The price of copper, aluminum and bronze have risen so high that police departments in the state have seen thieves cut off catalytic converters from cars and rip off vacant homes for copper pipes...



In the Metal Recycling Business, It’s Loud, Dirty and Suddenly Lucrative
NYTIMES
By ANN FARMER
Published: June 27, 2008

Bob Rommeney steered his flatbed truck into a scrap-metal recycling plant in Brooklyn and unloaded two battered cars that had been wrecked days earlier at Riverhead Raceway on Long Island.

Within hours, the discarded vehicles would have their wheels removed, their fluids drained and their bodies crushed into 3-by-4-foot squares. Mr. Rommeney, 54, a retired city sanitation worker, would return home to Maspeth, Queens, about $400 richer.

“It’s worth it to come here and scrap the cars,” he said the other day, waiting his turn in the yard to drive his flatbed onto a large scale. There, workers compared its weight with what it weighed when it arrived at the yard, which is owned by A.R.C. Metal Recycling, to determine how much he should be paid. “Three years ago, I would have gotten about $50 a car,” Mr. Rommeney said. “The money went up.”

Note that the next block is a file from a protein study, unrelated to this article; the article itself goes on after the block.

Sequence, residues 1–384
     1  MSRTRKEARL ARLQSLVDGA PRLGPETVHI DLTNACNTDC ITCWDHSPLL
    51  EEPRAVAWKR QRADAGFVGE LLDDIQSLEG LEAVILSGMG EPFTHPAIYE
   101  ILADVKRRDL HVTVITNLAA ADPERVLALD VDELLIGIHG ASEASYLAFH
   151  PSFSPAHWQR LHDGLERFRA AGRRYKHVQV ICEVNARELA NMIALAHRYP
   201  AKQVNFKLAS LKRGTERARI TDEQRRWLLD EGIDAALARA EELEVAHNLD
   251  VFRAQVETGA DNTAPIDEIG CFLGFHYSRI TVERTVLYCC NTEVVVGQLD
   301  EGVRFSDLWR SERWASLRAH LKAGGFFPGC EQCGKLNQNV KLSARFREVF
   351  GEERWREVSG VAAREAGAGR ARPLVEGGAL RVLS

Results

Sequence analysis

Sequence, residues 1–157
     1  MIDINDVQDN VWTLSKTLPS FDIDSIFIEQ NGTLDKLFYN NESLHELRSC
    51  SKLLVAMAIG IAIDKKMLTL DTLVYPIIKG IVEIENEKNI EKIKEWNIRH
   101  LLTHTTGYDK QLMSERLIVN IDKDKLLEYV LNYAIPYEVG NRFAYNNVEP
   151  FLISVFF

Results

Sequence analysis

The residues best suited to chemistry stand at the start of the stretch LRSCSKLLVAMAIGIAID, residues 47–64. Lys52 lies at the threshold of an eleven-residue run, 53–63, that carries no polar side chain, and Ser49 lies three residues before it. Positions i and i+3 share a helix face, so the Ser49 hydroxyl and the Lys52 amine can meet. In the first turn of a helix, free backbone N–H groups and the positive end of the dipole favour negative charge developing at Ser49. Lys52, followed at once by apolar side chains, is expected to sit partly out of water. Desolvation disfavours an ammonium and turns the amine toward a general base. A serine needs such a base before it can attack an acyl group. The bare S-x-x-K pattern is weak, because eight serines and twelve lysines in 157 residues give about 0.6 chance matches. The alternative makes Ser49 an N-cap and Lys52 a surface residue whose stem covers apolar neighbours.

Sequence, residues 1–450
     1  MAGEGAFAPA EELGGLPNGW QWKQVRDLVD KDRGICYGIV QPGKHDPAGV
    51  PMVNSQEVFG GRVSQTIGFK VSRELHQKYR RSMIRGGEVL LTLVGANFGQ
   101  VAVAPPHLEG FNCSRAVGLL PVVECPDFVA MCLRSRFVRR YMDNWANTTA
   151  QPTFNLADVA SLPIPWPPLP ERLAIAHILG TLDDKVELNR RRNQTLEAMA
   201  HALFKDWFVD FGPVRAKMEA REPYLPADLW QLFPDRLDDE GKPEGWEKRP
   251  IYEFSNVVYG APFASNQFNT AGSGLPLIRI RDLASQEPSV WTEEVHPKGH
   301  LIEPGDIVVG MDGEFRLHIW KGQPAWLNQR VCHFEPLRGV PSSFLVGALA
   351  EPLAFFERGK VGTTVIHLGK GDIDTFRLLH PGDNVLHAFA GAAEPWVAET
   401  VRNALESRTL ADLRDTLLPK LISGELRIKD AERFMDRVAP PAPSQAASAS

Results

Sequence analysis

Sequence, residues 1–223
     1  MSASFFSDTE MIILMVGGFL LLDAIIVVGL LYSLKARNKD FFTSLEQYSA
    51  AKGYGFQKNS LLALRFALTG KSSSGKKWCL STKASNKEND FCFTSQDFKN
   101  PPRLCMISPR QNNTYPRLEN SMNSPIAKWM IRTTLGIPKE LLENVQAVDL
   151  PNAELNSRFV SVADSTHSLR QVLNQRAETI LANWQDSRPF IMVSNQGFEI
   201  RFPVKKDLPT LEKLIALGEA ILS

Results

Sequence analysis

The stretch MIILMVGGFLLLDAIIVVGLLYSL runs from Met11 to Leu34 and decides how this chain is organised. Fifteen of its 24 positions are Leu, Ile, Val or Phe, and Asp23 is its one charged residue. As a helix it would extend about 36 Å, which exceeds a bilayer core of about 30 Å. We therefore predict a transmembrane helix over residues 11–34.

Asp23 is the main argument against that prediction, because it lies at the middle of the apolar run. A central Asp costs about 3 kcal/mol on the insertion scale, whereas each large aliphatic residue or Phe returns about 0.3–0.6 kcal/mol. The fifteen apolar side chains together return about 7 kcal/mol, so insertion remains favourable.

It is a very good time for anyone involved in the scrap-metal business. People who collect scrap metal and take it to recycling facilities are getting higher rates for their deliveries.

In turn, metal-recycling companies are selling more scrap metal, particularly to customers in China, India and other developing nations, who are paying record prices. A.R.C. Metal Recycling has recently been selling its scrap steel for close to $500 a ton, more than double the price it received a year ago...